PH: When we first met, we were both travelling a lot, I was living out of a suitcase and there were items that were key, swimming trunks and t-shirts for example. For fun, we decided to do a capsule collection of swimming trunks with Chomwan’s friend and it worked out. Then we realized that I lived in t-shirts then we should make them, so that both of us could wear our own t-shirts and then we would dye them and that’s how it started.

Chomwan Weeraworit: After being with Philip for a little while I realized that he loves clothes (and looks great in them!) and it would be cool if he could make them too, especially when we were back in Bangkok and we had the resources. I had pattern-cutters and ateliers I worked with in the past, so it kind of organically morphed into a brand and more so when we found indigo and really started making things, we realized that it was a natural extension of what we do and who we are, so in that way I guess it is an extension of our relationship. Philip was already in fashion, is interested in process and making things, and I am interested in story-telling and creating a platform, also intent on realizing my thesis -- doing something that could make an impact for these communities and protect traditional knowledge was what I wanted to do. It made the most sense to do it together.


What first led you to the indigenous dyeing techniques of Thailand?
PH: We both decided that we wanted to try dyeing indigo, it happened when we were in different cities but we ended up doing an indigo workshop at the same time; me at Biaisou in Brooklyn and Chomwan in Chiang Mai at Studio Naenna. At this point in time we didn’t know much about indigo in Sakon Nakhon except that from Chomwan’s research that there was the most diverse artisanal textiles and natural dyes in Isan as a whole, and what we knew of Isan was through Apichatpong Weerasethakul’s films.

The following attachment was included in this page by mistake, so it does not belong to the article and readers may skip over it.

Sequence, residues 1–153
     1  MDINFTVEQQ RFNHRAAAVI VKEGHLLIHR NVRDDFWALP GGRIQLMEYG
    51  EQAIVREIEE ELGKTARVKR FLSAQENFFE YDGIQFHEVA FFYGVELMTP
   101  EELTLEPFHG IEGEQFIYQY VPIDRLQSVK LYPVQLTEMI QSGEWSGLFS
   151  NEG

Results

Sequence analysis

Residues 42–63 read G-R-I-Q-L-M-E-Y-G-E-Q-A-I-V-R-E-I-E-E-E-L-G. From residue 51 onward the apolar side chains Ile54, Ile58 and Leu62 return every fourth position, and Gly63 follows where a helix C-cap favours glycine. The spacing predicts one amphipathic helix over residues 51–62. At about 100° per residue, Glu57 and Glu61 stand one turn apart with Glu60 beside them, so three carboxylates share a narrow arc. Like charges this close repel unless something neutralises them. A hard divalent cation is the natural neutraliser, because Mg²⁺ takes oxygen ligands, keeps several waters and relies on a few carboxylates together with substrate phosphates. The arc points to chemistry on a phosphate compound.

CW: Indigo (kram in Thai) is synonymous with the farmers of Thailand, it is what farmers wear in the rice paddies and have done so for generations. I knew that this color existed but not much more than that, so we did some searching on the Internet and started to understand that indigo-dyeing and plant-dyeing were not just colors but part of a way of life that goes with weaving and farming, that this is what was used prior to synthetic dyes coming to Thailand in the late 1940’s. With a close friend, Sakson Rouypirom, who has always worn indigo, we went to this One Village, One Product fair (OTOP) in Bangkok and met indigo dyers from Sakon Nakhon. A couple weeks later, we decided to drive up to Sakon Nakhon in search of the indigo and that’s how it started. I guess it was curiosity more than anything and the desire to discover these techniques.


Can you tell us a bit about Sakon Kakhon, where you find your indigo?
We work with a few different villages in Sakon Nakhon, one village in particular is quite remote, and we’ve been working with them for the last 5 years. The people we work with are mainly older ladies, grandmas and aunties, many of whom have gone to Bangkok to work but have returned home to be with their families, to farm the land and to weave and dye as additional income to farming, but also to safeguard the tradition. The ladies we work with invite us into their homes, we eat with them, they cook, we bring snacks, we dye together. There are villages that are more organized than others, they are all different and the dyeing and weaving techniques differ too. There is a dedication to the craft, and a feeling amongst the grandmas that they are born to do this, taught by their mothers.